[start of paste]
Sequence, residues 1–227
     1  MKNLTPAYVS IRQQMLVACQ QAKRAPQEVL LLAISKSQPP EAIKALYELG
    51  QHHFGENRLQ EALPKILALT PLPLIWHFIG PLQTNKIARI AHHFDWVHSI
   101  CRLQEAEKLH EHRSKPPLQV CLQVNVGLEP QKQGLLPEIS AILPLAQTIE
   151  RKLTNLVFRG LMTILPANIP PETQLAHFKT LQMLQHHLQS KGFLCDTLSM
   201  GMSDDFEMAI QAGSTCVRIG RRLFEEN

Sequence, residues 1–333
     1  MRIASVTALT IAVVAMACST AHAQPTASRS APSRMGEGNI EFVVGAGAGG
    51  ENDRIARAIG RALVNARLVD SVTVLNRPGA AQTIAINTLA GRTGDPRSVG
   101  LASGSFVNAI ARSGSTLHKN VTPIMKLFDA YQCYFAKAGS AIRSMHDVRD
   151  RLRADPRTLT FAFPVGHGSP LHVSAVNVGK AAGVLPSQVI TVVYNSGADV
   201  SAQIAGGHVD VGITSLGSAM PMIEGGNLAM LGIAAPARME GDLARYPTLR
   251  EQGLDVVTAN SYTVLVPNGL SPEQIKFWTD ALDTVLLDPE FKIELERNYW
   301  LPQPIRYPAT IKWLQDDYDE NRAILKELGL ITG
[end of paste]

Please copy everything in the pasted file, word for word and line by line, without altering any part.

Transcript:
Sequence, residues 1–227
     1  MKNLTPAYVS IRQQMLVACQ QAKRAPQEVL LLAISKSQPP EAIKALYELG
    51  QHHFGENRLQ EALPKILALT PLPLIWHFIG PLQTNKIARI AHHFDWVHSI
   101  CRLQEAEKLH EHRSKPPLQV CLQVNVGLEP QKQGLLPEIS AILPLAQTIE
   151  RKLTNLVFRG LMTILPANIP PETQLAHFKT LQMLQHHLQS KGFLCDTLSM
   201  GMSDDFEMAI QAGSTCVRIG RRLFEEN

Sequence, residues 1–333
     1  MRIASVTALT IAVVAMACST AHAQPTASRS APSRMGEGNI EFVVGAGAGG
    51  ENDRIARAIG RALVNARLVD SVTVLNRPGA AQTIAINTLA GRTGDPRSVG
   101  LASGSFVNAI ARSGSTLHKN VTPIMKLFDA YQCYFAKAGS AIRSMHDVRD
   151  RLRADPRTLT FAFPVGHGSP LHVSAVNVGK AAGVLPSQVI TVVYNSGADV
   201  SAQIAGGHVD VGITSLGSAM PMIEGGNLAM LGIAAPARME GDLARYPTLR
   251  EQGLDVVTAN SYTVLVPNGL SPEQIKFWTD ALDTVLLDPE FKIELERNYW
   301  LPQPIRYPAT IKWLQDDYDE NRAILKELGL ITG